Great timing: just about the time our mercury is heading north to melt the ice, New York-based CompStak is launching in Dallas to melt down walls about pricing and other juicy terms of the deal in Dallas commercial real estate.
What is CompStak? A new tech company that aims to create transparency in commercial real estate transactions. Let’s talk CRE for a minute. There is no MLS to join in commercial real estate, as there is in residential. Therefore it is difficult for brokers, investors, anyone outside the loop to figure out pricing. Indeed, when my husband leased his office space, we had to call CRE friends to verify the asking rent and make sure we were not getting ripped off. The purpose of the MLS is to give residential real estate agents and participating brokers financial information on properties — appraisals, price per square foot sales, and market pricing/condition services that help agents price a listing intelligently, fairly and market it.More than anything, those comps are the secret sauce of commercial office leasing. Traditionally, brokers have kept comps close to their heart. Some leases even include confidentiality clauses, and unlike sales in most states, leases are not public record. But if you research forever, or have a strong network, a good broker knows how to get them. CompStak is an online database of leasing numbers that make it easier for brokers to get their hands on the comps they need, be it detailed records of rent prices, square-footage, landlords, tenants, or income that buildings bring in. The way they do it is remarkably simple: they crowdsource. Or, to put it in a post-50 year old’s vocabulary, they get it from people on the street, in the business, by creating a virtual currency for information. “It’s a meritocracy,” says CompStak co-founder Michael Mandel. Mandel, a New Jersey native and Babson College graduate, was a New York real estate broker (Grubb & Ellis) dumbfounded by the lack of transparency in commercial pricing, very much as I was when my husband leased. He knew agents and firms had small chunks of data, but no one was collecting lease term “comps” in a database or readily sharing it. Mandel and his partner, a programming guru from Columbia Engineering named Vadim Belobrovka –they found each other at a NYC networking conference in 2011 — fleshed out Mandel’s nugget of an idea to snag data. To pull it in, CompStak seeded the site with comps from a handful of broker friends and let ‘er rip Jan. 1, 2012: anyone with access to lease comps could upload them to earn points they could spend to access comps they needed. The beauty: CompStak was able to obtain fresh, accurate data without paying for it. Fine, you say: how do they make money if this info is free to CRE agents?
Photo from the Wall Street JournalCompStak sells information to institutional investors, real estate investment trusts, hedge funds and private equity firms, any firm hungry for comps to crunch into investment decisions. Clients include Boston REIT Beacon Capital Partners, Empire State Realty Trust, Tishman Speyer, Wells Fargo Securities and more. While he won’t say how much his company charges for this, the media has tagged the firm’s revenue at $1 million for 2013. The 25-employee start-up (plus one dog) has raised about $5.6 million from investors, and the firm is growing. CompStak currently operates in it’s home base of New York City plus San Francisco, Chicago, Washington, D.C., Los Angeles, Minneapolis and, as of December 10, Dallas. “Dallas is one of the largest commercial real estate markets in the country,” said Michael. “We have already gathered a TON of data –well over 20,000 comp versions already. After accounting for duplicates, we have nearly 10,000 unique comps and we’re still loading in a lot of data.” Mandel has estimated that CompStak’s user base has grown an average of 160% percent per month over the past six months, or at least that’s what he told The Real Deal in NYC. About a year ago, TechCrunch reported that CompStak had data for 50% of Manhattan commercial leases over the last two years, 40% of leases in the last 10 years. Now CompStak has banked virtually 100% of Manhattan lease data over the past two years, 50% over the past 10. Data coverage is similarly extensive in the other markets.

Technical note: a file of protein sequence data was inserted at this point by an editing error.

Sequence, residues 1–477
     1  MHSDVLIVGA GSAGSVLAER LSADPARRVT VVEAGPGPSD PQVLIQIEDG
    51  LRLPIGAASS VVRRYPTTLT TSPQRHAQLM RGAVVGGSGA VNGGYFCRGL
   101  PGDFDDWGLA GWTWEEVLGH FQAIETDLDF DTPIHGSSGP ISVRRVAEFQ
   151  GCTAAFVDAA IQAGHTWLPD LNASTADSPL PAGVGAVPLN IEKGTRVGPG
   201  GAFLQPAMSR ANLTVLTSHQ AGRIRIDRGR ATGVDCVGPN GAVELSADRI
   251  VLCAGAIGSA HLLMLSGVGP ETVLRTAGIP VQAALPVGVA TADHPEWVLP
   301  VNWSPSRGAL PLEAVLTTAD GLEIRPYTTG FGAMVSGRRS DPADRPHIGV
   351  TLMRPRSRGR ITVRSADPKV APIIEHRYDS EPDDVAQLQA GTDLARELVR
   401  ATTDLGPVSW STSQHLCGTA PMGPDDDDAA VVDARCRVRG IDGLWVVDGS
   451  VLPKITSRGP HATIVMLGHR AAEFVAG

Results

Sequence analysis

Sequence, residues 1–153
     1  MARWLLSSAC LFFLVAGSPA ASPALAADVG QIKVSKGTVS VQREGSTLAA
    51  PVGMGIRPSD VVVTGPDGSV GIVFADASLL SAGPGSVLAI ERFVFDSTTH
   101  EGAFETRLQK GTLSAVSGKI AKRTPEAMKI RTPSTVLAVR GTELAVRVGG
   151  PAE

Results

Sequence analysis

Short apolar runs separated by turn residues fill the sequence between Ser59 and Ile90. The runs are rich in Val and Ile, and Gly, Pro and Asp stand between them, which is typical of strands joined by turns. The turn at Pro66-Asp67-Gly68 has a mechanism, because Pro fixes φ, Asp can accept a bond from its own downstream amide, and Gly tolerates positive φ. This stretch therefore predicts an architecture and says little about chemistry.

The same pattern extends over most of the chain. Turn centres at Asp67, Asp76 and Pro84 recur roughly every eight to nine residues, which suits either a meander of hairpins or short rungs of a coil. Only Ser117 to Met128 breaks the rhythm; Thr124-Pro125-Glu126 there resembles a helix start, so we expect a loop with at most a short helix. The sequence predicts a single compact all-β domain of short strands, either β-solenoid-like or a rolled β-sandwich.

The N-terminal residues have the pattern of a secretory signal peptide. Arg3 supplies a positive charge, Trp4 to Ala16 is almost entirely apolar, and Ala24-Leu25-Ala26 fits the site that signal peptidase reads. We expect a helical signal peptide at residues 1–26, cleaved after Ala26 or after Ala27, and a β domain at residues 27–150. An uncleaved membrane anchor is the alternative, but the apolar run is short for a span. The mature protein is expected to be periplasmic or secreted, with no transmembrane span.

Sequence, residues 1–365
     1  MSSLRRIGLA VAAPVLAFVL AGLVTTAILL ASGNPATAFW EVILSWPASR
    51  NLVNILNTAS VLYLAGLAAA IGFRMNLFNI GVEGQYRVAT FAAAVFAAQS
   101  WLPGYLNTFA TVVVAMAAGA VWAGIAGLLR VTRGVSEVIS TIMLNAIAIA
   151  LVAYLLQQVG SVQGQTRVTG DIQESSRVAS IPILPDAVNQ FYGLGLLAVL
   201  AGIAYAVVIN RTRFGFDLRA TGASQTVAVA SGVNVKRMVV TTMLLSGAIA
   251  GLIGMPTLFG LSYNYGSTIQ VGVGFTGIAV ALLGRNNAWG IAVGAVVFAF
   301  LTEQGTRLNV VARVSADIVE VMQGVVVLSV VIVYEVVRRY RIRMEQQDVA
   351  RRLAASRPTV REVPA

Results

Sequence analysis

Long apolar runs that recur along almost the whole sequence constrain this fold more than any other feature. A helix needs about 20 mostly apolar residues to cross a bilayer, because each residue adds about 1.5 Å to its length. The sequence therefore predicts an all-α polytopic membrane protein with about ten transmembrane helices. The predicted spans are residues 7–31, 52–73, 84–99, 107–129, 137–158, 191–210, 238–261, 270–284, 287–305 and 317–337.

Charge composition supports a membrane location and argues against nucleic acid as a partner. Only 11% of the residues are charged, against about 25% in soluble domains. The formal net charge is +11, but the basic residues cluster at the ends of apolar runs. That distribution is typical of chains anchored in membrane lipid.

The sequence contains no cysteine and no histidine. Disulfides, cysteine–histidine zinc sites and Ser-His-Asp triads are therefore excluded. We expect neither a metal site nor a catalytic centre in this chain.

This data is not in the public record and I hear it’s much better than the smaller collections held by traditional real estate research firms like CoStar… also which neighborhoods are trending, and what’s a fair price per square-foot in an area.“I would say that we illuminated trends in what industries are “leasing” more spaces, not “buying”, says Mandel. Everyone asks me how CompStak differs from C0Star Group, the D.C.-based firm that now owns LoopNet. CoStar focuses on listings, says Mandel, space currently on the market. The CompStak database is focused on transactions that have already taken place. “We are the only ones who are able to successfully gather information on lease comps, because we incentivize our members to give us this information by offering them other valuable information in return,” says Mandel. The site is free for brokers, and now offers the CompStak Team, where brokerage teams can manage and share comps with their colleagues in the same office. The Wall Street Journal, The Real Deal, The Commercial Observer and Bloomberg also utilize CompStak data. “Michael had a vision and expanded it,” says Belobrovka. “this exchange of information has never been done in the way we have implemented it.” Commercial real estate brokers tell me the first thing to do when they evaluate a building is look at the lease comps. But where to find them? That’s the million dollar question CompStak has answered through “disruptive technology”, and oh how we love it. Imagine the possibilities.